Posted via CB10
    02-22-16 08:44 PM
  9. crazy mazy's Avatar
    At Finley, Jc has been pretty honest and open as much as a CEO can be. He said that they will continue to support BB10, but they will not be makiing any new BB10 devices. So that statement is pretty obvious don't you think. He said that the new Priv is on par with Samsung's Knox, as far as security is concerned, but Blackphone may be more secure. Now how is that for honesty. He said that Blackberry will be putting out security, updates monthly. So far so good eh. He said that if he doesn't sell at least 5 million devices to break even he would consider getting out of the device business. So we will see if the Priv is successful. So basically speaking John VChen has been honest. If you think the other guys are more ethical, well boy are you in for a surprise.
    02-23-16 06:47 PM
  10. djdragon's Avatar
    Can any Dev's here comment on this?

    http://www.filearchivehaven.com/2016...ty-developers/

    Z10 10.3.2.2639 via CB10
    KermEd likes this.
    02-23-16 10:03 PM
  11. KermEd's Avatar
    Can any Dev's here comment on this?

    BlackBerry Announces It Cannot Pay 3rd Party Developers ? FileArchiveHaven

    Z10 10.3.2.2639 via CB10
    I don't think it would be fair for me to comment on the article itself I'd like to link to this thread and follow its replies though.

    But, everything is supply and demand. I've always said, John Chen is a technical guy. But none of the problems facing BlackBerry are technical in design, they are all business, marketing and engagement issues. They should have selected a CEO that could "fill that gap".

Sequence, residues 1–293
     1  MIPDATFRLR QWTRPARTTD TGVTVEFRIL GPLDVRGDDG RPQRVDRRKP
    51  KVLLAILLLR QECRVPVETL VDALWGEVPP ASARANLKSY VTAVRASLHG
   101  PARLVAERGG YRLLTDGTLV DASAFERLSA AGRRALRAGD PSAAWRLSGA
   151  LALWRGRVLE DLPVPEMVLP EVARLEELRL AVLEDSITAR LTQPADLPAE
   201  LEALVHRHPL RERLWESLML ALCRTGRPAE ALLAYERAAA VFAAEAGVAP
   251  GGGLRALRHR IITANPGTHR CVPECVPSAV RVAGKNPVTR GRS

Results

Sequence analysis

I worked under a really motivating director at a previous touch company, and she taught me a valuable lesson. The important thing is to hire people different than you and that fill gaps within a company. If you "just want another technical guy" just like your "other technical guys" then you might as well just ask them to work longer hours. Chen didn't really bring any change, he just continued on the path they were already on. .

    Regarding the core question by the OP - How hard is it to create applications and games for BlackBerry (that are unique and don't rely on a third party service)? The creation is slightly longer in my opinion, about 25-50% extra development time depending on the project due to raising up back-end infrastructure and databases.

    The real challenge is your average user doesn't want to install Mallblatt, Mumblr or Affrait --- because those are made-up words. As a user, encountering something that they have never encountered before - it is gibberish to them without significant marketing effort (effort that runs you a negative ROI). Right or wrong, piggy-backing on popular (and missing) top selling apps, developers are able to reach in and connect to users ... and hopefully later on sell them on new innovations. There are tons of amazing unique apps in BlackBerry World. Its just impossible to see them with only 4 reviews and no sales...
    Killjoyhere likes this.
    02-23-16 10:51 PM
  12. early2bed's Avatar
    A common finding in these app threads is a significant underestimation of the collective resources required to maintain a robust app economy. First, there is the incredible diversity of apps and app developers needed to fill the niche applications that one person could never dream of. Every type of professional has a basket of essential apps. The same goes for everyone with a hobby, small business, recreation, etc.

    The notion that you can just pick the top twenty apps, get them created, and it will somehow be satisfactory is absurd. That's like saying that you can do all of your shopping at WalMart because what else would a normal person need? They have the top 10,000 things.
    02-23-16 11:25 PM
  13. anon(9733642)'s Avatar